Up to 7% of the country's annual grain production goes to waste because of insufficient storage space and inefficient transport and distribution networks. So what is the solution? Some say that storage is not so much as a problem as distribution. Thus, one possible solution could be to liquidate the grain stock through additional allocations to the public distribution system (PDS). This would be to both APL (above the poverty line) and BPL (below the poverty line) families. The idea being to distribute grain before it decays. Others suggest a PPP (Public private participation) route to build storage facilities given how expensive they are to build. Food grains could also be used as part of workers' wages. Either ways, the government needs to pull up its socks urgently on this front. For no amount of monetary tinkering will bring India's inflation down unless such basic issues are not addressed soon.

The Indian rupee has declined significantly in the recent past. In order to avoid further depreciation, RBI has finally come with its rescue act. In the latest announcement, the central bank stated that foreign exchange earners should convert 50% of their forex holdings into rupee balances. Conversion into rupee will increase its demand and thereby support the currency. The said move will result in conversion of US$2-3 bn into rupees. However, the average turnover in the Indian foreign exchange market is about US$ 40 bn. Thus, in terms of volumes forced conversion will have a limited impact in salvaging the rupee. Also, we believe that the current move is just a temporary solution. The underlying problem of rupee depreciation stems from widening current account deficit (CAD). Waning foreign appetite for Indian stocks is an equal culprit. Thus, steps have to be taken in that regards. Overcoming CAD is a difficult task considering rising crude prices. However, government can at least take steps to create a congenial investing environment. This should attract capital flows and thereby support rupee.

If the current demand of oil marketing companies is anything to go by, the Indian government would again find itself at the same old crossroads. They would be facing the perennial dilemma of choosing between inflations and fiscal deficit. Actually, as per the government-owned oil companies, they are losing over Rs 7 per litre on sale of petrol. And they want the government to compensate for the same. True, petrol price is already de-controlled. However, petrol price hardly moved in tandem with the crude price. With the increase of crude price in the last five months, no revision in the petrol price has added losses to the oil marketing companies.

There are many options in front of the Indian government. Keeping inflation in mind, for the time being, the government can declare petrol as a regulated product. And compensate the companies for their losses. This would add to the expenditure of the government. Else, it can reduce the excise duty on petrol to compensate for the losses. In this case, the government would be losing on its revenue collection. Hence, both ways, fiscal deficit would come under pressure. And if, the government decides to go with the hike in petrol prices, inflation may again go out of the roof. What path will the government choose? We have to wait and find out. However, more financial pain seems to be in the offing.

Taking cues from their peers across Asian markets, the indices in Indian stock markets opened lower and continued to languish in the negative territory for the rest of the session. At the time of writing, the BSE Sensex was trading 34 points below the dotted line. The indices in most other Asian markets closed lower in today's trade. Those in Europe have also opened in the red.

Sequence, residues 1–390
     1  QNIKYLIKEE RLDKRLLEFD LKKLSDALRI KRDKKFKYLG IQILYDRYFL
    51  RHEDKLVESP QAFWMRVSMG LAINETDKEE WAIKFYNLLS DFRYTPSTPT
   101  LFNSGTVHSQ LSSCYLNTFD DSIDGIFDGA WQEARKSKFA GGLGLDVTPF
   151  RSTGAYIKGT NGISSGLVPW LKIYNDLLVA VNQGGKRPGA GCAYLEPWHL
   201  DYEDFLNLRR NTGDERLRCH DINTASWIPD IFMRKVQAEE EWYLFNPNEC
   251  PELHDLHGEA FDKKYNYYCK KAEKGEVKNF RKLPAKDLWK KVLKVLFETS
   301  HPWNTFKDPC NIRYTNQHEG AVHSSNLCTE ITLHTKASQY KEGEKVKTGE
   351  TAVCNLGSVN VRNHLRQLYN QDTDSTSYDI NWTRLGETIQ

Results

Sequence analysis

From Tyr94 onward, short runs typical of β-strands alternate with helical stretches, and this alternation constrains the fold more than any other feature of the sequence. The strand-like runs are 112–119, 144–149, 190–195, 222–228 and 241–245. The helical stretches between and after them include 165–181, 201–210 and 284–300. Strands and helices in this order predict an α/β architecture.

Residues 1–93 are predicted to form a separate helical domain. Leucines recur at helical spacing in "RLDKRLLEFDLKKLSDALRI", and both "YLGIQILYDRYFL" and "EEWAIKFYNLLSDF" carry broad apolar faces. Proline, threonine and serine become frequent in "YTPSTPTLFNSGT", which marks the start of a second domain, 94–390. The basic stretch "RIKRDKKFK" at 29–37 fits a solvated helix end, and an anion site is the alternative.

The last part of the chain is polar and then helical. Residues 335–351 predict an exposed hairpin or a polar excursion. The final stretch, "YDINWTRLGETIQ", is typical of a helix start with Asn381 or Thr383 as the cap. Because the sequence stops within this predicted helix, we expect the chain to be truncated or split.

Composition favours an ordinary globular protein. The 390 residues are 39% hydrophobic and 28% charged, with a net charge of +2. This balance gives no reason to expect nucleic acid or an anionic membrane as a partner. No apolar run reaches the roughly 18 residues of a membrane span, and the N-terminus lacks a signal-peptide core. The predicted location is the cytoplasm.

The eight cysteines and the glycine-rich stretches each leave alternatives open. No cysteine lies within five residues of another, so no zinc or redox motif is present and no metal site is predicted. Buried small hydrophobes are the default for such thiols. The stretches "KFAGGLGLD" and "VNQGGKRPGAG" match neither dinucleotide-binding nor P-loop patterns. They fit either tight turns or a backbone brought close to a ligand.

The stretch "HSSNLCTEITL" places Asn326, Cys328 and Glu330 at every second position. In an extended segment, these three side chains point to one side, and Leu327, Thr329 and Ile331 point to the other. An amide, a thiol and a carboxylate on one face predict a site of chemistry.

Today's Investing mantra
"It is natural to assume that industries which have fared worse than the average are "unfavorably situated" and therefore to be avoided. The converse would be assumed, of course, for those with superior records. But this conclusion may often prove quite erroneous. Abnormally good or abnormally bad conditions do not last forever. This is true not only of general business but of particular industries as well. Corrective forces are often set in motion which tend to restore profits where they have disappeared, or to reduce them where they are excessive in relation to capital" - Benjamin Graham

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3 Responses to "Are stocks and MFs bearing the brunt of gold?"

sunilkumar tejwani

May 12, 2012

Many innocent savers have lost money in numerous schemes floated by various so called reputed business organizations which include ICICI, H D F C, Bajaj to name the few. Savers have been cheated by their Corrupt & self seeker advisers by mi selling unit linked products. By selling these products, investors are shying away from any investment products. The need of the hour is to completely ban front loaded financial products. Otherwise we will be second to none like united states of America where every retail investor is subsidizing fat pay cheques of greedy executives of numerous listed companies.


Ashok Vaishnav

May 11, 2012

In spite of all hefty incetives, if Insurance has still not attained a respectable penetration across households, products related to financial markets can hardly be expected to have done any better.
In fact, by remaining a club of [relatively] few,finacial markets are yet to be percieved as 'safe' places for investment of [hard earned] money.
That is why Post Office Savings and [to some extent] bank deposits still rule the roost, irrespective whether they are better bets agianst the current and future inflation



May 11, 2012

Now on Food Frains rotting. I recollect sometime back on a PIL,
Supreme Court asked the Govt "why it cannot distribute the
grains freely to the poor? And if I recollect correctly, the
Hon.Agri. Minister said this is not possible. He can allow the
grains tprot, he can allow the grains to sell in the
international markets below MRP but will not give it to poor.
What sort of insensitive people we have running the country? On
Wed,day I happen to see Telecast of Loksabha proccedings, where
the matter talked was on "urgent public interest matters".
There was it appears just enough presenty to continue the
proccedings. Out of 4 questions, 3 were related corruption
emanating from food, roads and one on law/order of naxalite
problem in Gadchiroli. What apathy on the part of our learned
and most vocal MPs and then they complain about the .......
select choices expressed by the public.